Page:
Constraining Design

Ambrose Little / Monday, July 8, 2013 are good constraints and bad constraints when it comes to design. A good constraint is one that enables a designer to discover and realize a great design. This makes us ask what makes a design great--a design is great that facilitates the desired experience, one that harmoniously balances the concerns of all parties involved. Hopefully most of us involved in design these days take a more altruistic tack--helping others to get what they want and/or need in particular contexts. When it comes to software, it means usually balancing the trifecta of technology, users, and businesses.

Business constraints are not inherently bad. There is an "evil" business stereotype that seeks to extract the last bit of profit out of an endeavor by any means necessary. Greed is the overriding motivation. Now greed is clearly a core human failing, but it is just the twisting of the desire for good. The desire for good is a good thing; it motivates most of what we do. It only becomes bad by degrees as it is imbalanced, i.e., the desire for my own good driving me to the detraction of the good of others and/or seeking a good that is excessive or misplaced desire in relation to one's self.

In business, the desire for the good of the business can be a great driver for excellent work. It is not only the good of shareholders but also the good of every single employee and their significant others who are supported by the revenue from the business. This means that the business domain itself need not be altruistic for a business to be operating with good motives. Further, a business that provides real value to customers is a good, and its continuing ability to operate and provide that value (and increasing value) is also a good. Constraints that help us serve the good of the business can often be good. They also serve to define and, to some extent, circumscribe the problem domain, which gives focus and clarity for design work to proceed.

The good of users is the easiest good to perceive in design. UX folks idolize it, sometimes to the detriment and imbalance of other goods involved. For most software, good for the users is maximizing the value that they want to get out of the software. That can be entertainment value, information value, social value, efficiency value, and so on. Understanding the desires and needs of users and shaping our designs to maximize attainment is a basic thing for design. Constraints that help us serve the good of the users are, naturally, good. Users also constrain design, though we often don't think of it like that--they have ergonomic, psychological, and other such constraints that are good in as much as they keep us from wasting time on what human beings are capable of.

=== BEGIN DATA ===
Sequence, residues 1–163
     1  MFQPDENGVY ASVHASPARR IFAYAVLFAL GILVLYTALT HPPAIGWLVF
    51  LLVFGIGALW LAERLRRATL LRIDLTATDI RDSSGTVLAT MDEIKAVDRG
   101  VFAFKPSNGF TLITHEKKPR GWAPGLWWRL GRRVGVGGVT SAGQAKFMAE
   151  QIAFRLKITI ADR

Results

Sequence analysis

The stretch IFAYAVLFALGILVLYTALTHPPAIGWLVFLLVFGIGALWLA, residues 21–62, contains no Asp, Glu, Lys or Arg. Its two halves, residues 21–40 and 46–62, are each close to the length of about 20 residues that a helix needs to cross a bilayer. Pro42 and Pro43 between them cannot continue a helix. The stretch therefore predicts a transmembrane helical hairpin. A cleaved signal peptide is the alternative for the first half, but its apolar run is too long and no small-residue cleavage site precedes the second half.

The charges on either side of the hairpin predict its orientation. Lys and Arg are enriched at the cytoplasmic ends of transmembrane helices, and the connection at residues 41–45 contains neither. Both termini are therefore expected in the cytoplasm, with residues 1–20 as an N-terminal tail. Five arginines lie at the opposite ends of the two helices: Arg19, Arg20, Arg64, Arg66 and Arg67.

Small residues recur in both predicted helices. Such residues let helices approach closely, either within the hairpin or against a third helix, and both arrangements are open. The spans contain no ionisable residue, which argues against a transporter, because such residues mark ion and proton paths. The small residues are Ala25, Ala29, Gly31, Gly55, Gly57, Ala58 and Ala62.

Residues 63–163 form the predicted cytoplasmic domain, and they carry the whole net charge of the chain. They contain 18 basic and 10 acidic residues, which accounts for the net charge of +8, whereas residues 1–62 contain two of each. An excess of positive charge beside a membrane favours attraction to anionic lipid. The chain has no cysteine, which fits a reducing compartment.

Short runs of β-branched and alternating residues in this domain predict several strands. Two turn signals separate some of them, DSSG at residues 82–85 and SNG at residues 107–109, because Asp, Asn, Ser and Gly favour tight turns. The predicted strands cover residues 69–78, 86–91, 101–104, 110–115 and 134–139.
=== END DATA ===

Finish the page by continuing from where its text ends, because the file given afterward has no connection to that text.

Sometimes these two goods are in opposition, but as many companies have discovered, there is usually more to be gained by seeking a path that maximizes the good of both. Companies that invest in what is best for their customers (really and truly) usually find that such investment has high ROI. Further, UX/customer experience increasingly is becoming a differentiator in the market.

And of course, there is the larger, common good that has to be considered. What impact does a design have on the shared good of the local community, the nation, the world? Environmental concerns are one example. Fair trade concerns. Other larger ethical concerns. And so on. These kinds of constraints are also good constraints, but often (for software) they are tangential. That's not to downplay them--just an observation that most software only impacts the common good very indirectly.

More often, balancing these goods is informed, when it comes to software, by technology concerns. At a high level, technology is a huge enabler--sort of by definition. In recent years this has accelerated with "high tech," and it appears that it will continue to do so. But technology is also a constraint. Technology is a good constraint when it helps discover and realize great designs.

That's still pretty broad. Let's scope it down. We can assume that technology as an enabler is a good thing, so the question is what other kinds of technology constraints are good versus bad in design. And what level of technology awareness/concern is appropriate and helpful at what points in the design process.